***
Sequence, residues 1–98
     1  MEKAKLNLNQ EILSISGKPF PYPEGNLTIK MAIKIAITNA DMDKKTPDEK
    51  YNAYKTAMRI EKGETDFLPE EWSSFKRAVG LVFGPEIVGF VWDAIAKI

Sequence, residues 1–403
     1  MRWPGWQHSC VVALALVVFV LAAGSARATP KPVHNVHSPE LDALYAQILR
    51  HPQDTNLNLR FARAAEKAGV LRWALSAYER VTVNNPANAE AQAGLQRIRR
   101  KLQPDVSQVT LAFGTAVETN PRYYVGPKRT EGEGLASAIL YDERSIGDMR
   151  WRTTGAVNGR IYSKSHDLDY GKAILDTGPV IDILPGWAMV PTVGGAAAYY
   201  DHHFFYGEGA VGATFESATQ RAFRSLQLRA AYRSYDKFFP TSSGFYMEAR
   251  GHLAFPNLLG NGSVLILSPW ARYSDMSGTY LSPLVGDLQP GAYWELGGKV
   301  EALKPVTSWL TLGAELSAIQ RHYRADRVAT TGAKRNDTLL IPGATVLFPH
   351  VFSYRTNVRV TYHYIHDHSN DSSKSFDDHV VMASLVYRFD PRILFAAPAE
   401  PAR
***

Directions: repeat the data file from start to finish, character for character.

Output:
Sequence, residues 1–98
     1  MEKAKLNLNQ EILSISGKPF PYPEGNLTIK MAIKIAITNA DMDKKTPDEK
    51  YNAYKTAMRI EKGETDFLPE EWSSFKRAVG LVFGPEIVGF VWDAIAKI

Sequence, residues 1–403
     1  MRWPGWQHSC VVALALVVFV LAAGSARATP KPVHNVHSPE LDALYAQILR
    51  HPQDTNLNLR FARAAEKAGV LRWALSAYER VTVNNPANAE AQAGLQRIRR
   101  KLQPDVSQVT LAFGTAVETN PRYYVGPKRT EGEGLASAIL YDERSIGDMR
   151  WRTTGAVNGR IYSKSHDLDY GKAILDTGPV IDILPGWAMV PTVGGAAAYY
   201  DHHFFYGEGA VGATFESATQ RAFRSLQLRA AYRSYDKFFP TSSGFYMEAR
   251  GHLAFPNLLG NGSVLILSPW ARYSDMSGTY LSPLVGDLQP GAYWELGGKV
   301  EALKPVTSWL TLGAELSAIQ RHYRADRVAT TGAKRNDTLL IPGATVLFPH
   351  VFSYRTNVRV TYHYIHDHSN DSSKSFDDHV VMASLVYRFD PRILFAAPAE
   401  PAR